Figure 1 presents the level of immobility for all age groups combined. The results for age-stratified analysis for this metric and all others are presented in Supplementary Material. In all cities, level of immobility is greater among females than males, with exceptions of Kisumu and Los Angeles, where the two are equal. On average, females have 4 percentage points higher level of immobility than males (26% and 22%, respectively). This difference is greatest in Delhi (26 percentage points), followed by Accra (12 percentage points) and Sao Paulo (9 percentage points). The gender difference in immobility varies across the age groups. The average divergence between the two groups is the highest among the older adults (8 percentage points higher for women), followed by working age group (5 percentage points higher for women), while among the children, girls have slightly lower level of immobility (less than one percentage point) than boys.

Fig. 1
figure 1

Level of immobility by gender for all age groups combined

Mode shares for all trips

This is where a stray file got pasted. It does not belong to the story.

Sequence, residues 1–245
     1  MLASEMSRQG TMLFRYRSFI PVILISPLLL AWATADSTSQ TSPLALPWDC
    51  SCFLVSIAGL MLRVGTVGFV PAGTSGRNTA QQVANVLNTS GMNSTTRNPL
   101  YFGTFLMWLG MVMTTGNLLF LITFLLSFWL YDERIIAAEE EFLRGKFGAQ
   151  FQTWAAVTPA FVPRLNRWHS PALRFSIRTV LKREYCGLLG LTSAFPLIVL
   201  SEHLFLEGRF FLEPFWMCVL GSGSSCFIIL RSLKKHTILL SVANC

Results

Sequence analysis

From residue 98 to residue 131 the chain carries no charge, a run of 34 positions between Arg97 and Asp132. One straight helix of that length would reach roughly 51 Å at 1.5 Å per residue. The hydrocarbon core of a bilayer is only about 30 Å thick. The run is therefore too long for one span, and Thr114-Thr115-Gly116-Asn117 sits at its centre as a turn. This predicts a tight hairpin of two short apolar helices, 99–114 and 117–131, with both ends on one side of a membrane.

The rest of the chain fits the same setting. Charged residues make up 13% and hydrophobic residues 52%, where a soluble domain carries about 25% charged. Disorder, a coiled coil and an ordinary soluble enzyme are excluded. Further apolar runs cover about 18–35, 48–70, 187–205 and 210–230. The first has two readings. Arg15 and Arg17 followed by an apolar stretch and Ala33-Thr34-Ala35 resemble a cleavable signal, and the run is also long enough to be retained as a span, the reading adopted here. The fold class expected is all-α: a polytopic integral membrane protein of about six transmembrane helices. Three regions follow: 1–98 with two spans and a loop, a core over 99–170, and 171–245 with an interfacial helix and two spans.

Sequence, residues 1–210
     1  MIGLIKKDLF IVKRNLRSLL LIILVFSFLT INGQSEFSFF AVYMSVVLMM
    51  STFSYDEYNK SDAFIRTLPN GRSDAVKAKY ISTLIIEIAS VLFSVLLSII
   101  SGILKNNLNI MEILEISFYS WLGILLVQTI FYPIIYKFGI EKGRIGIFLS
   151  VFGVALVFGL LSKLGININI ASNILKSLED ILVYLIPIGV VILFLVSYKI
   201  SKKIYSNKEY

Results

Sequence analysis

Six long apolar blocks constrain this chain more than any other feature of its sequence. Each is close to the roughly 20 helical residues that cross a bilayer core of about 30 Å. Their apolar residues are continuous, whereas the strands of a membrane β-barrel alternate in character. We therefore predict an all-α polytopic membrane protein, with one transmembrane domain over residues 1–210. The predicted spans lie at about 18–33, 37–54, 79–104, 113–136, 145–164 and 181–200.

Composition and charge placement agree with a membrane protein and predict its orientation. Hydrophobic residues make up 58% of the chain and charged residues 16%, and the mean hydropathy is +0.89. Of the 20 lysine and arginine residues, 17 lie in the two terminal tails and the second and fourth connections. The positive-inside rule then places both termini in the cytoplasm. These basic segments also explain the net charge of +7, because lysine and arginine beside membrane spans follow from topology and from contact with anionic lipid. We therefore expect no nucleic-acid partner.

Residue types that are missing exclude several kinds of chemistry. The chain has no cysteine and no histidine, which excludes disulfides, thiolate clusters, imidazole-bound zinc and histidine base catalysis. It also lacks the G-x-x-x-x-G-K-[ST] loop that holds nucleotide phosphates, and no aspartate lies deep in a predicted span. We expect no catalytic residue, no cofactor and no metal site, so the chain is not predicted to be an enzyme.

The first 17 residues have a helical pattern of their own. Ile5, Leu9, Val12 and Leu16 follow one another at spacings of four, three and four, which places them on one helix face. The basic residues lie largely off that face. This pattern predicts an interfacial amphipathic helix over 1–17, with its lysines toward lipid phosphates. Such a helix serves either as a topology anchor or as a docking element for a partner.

In Table 2we present percentage share of all trips with walking, cycling, and public transport as main modes for all age groups combined. Note that the three proportions do not sum to 100 as there are also other modes of transport, for which the results are presented in Supplementary Material. Of the three modes of transport presented, walking is most common across the cities, followed closely by public transport. In comparison, cycling is used for a small minority of trips within most cities. There are, however, significant variations in mode share across the cities. Highest levels of walking are in Accra, Delhi, and Kisumu, with an average of 59% among females and 45% among males, and the lowest levels are in Chicago, Los Angeles, and Melbourne (average 14% and 13% for females and males, respectively). In all the cities, females have higher likelihood to walk and, on an average, this likelihood is 23% greater than that of men (calculated as the average of the ratios of the mode share of females to males). Among the three age groups, children have the highest levels of walking, and working age group and older adults have slightly lower but similar levels of walking. Gender difference in walking is the lowest among children, highest among working age group, and slightly lower than working age group among the older adults.